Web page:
Public health officials widely agree that the vaccine reduces the risk of serious illness and death, although they acknowledge breakthrough infections are possible because no vaccine is 100% effective. People who are fully vaccinated are about one-tenth as likely to be hospitalized and even less likely to die of COVID-19 compared with those who are unvaccinated, according to a recent study from the Centers for Disease Control and Prevention. Severe adverse reactions are rare. And studies show that mixed immunity—those immunized even after contracting the disease—might result in greater immune defenses.

Braun’s effort ultimately cleared the Senate because two Democrats, including Manchin, signed on to the resolution. The moderate lawmaker has expressed opposition to vaccine policies targeting private employers, even though he has supported similar rules governing federal workers and members of the military. Tester said this week he would join Manchin because he’s “not crazy about mandates.”

The GOP push drew a sharp rebuke from the White House ahead of the vote. In an official statement of administration policy, top aides to Biden said it “makes no sense for Congress to reverse this much needed protection of our workforce” in the midst of a worsening pandemic. The statement added that Biden’s advisers would recommend a veto.

Yet the proposal faces an uncertain future in the House, where a similar effort by Rep. Fred Keller, R-Pa., has the full backing of his party’s lawmakers. That is not enough to force it to the chamber floor, though Keller said he is “hopeful” other Democrats will eventually join them.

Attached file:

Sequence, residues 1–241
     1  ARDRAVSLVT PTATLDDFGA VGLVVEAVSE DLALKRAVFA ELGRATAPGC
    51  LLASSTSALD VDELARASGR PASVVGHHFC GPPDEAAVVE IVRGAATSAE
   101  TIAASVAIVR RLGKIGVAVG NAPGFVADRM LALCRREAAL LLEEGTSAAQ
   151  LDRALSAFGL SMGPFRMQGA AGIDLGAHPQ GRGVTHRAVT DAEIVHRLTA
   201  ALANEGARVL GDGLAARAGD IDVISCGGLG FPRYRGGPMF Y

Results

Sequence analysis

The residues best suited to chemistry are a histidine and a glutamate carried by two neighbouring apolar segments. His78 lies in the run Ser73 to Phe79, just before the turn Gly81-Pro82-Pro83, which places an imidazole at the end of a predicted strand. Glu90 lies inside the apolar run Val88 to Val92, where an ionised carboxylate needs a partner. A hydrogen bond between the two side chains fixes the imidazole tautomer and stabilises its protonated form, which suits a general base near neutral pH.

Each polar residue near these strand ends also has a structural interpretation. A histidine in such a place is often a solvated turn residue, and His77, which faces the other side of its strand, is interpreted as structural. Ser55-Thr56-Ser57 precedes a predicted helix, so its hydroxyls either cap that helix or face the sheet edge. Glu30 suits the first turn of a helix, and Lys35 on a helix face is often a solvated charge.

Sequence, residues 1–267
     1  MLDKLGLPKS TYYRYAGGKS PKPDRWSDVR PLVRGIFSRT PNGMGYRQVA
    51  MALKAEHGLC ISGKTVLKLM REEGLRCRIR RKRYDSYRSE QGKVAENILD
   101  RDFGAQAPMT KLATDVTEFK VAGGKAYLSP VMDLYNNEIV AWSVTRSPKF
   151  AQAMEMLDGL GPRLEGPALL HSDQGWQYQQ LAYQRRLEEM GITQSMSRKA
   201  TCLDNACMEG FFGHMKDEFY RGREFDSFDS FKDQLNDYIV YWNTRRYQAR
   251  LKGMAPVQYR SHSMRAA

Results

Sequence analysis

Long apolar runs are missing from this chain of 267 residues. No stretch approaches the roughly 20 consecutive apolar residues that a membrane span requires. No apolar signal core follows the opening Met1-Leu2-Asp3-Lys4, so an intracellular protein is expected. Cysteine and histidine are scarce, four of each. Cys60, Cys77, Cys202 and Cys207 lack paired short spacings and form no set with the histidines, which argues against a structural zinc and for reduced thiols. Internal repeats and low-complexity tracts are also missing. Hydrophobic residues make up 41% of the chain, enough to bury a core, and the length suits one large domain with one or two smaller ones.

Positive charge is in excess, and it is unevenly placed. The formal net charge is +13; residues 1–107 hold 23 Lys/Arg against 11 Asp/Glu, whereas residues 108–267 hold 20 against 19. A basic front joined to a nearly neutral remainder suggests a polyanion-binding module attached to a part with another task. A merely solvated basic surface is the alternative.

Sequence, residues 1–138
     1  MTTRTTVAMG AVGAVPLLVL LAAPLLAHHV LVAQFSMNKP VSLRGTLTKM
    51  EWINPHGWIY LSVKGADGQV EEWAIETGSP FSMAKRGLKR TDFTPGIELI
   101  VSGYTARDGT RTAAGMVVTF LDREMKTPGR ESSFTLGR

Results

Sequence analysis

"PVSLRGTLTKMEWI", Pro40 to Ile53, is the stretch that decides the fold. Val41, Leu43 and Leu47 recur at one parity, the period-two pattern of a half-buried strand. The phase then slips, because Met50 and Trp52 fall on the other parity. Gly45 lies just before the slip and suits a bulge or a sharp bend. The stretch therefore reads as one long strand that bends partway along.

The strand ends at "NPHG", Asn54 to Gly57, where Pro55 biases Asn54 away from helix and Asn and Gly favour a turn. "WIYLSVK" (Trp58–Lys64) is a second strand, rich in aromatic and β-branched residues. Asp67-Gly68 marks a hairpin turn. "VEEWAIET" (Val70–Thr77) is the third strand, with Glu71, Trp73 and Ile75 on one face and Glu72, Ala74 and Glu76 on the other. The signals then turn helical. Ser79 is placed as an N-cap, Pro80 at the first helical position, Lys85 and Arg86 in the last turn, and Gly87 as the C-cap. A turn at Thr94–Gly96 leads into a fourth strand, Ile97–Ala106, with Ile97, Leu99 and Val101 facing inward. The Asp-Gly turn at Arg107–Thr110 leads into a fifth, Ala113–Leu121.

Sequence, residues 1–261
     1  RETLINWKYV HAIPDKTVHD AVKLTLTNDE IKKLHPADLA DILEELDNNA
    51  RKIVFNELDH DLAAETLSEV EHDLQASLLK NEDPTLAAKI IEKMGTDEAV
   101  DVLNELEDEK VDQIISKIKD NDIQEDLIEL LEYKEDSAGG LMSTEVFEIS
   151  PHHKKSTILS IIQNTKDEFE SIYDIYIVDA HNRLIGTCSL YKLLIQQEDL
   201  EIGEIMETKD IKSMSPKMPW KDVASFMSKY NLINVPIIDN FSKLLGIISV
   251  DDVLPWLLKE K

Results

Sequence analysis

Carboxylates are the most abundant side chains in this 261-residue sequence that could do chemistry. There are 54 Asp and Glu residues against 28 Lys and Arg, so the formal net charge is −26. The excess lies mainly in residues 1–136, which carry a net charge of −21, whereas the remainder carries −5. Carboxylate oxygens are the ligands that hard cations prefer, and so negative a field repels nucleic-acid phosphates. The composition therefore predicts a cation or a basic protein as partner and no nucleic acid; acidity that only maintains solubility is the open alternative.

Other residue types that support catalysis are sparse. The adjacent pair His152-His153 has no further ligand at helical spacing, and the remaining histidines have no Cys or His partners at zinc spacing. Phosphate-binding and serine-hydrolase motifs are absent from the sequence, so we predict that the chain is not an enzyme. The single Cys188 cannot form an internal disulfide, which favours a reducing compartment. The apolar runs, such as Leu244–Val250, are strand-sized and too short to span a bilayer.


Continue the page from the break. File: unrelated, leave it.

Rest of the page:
In a sign of the politics animating lawmakers, Braun said he thought Manchin’s backing might provoke support, particularly among “Democrats in swing-state districts” facing reelection in 2022.

In the meantime, Marshall said he continues to rally support for his effort to overturn the vaccine mandate targeting health professionals, citing his belief that such policies more broadly could leave millions of Americans out of jobs. A doctor by training, Marshall said fellow industry workers had “blown up” his phone in opposition—reflecting, he said, a belief among some that the White House has failed to acknowledge “natural immunity” as a potential defense.

Marshall said he could not predict how far or aggressively Republicans plan to push the issue, a critical question since lawmakers must adopt another government funding measure by Feb. 18. For now, though, he said Republicans feel “we need to keep fighting.”

“What I hear from folks back home,” he said, “is that they want to see the Republicans fight and stick together.”

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17 thoughts on “Led by Braun, Senate votes to repeal key Biden vaccine and testing policy

  1. Braun & Company claim they are not “anti vaccine” but their push to outlaw mandates that require either vaccinations OR weekly testing have the effect of undermining efforts to protect citizens from hospitalizations or death. In other words, they might as well be anti vaccine because the outcome is the same. On the bright side, Hoosiers can be thankful that Sen. Marshall of Kansas isn’t our senator, because as a physician he should damn well know better. Actually, they all should know better, but politics = not science – is driving their agenda.

  2. It is truly obvious that this division of the Congress cannot read the news media and statistics of deaths and near deaths from this disease. They must want to reduce our population. So far all of the PR campaigns have failed to reduce the unvaccianted, who populate our hospitals. The only solution is for mandates otherwise we just cannot overcome stupidity, and lack of concern for fellow man.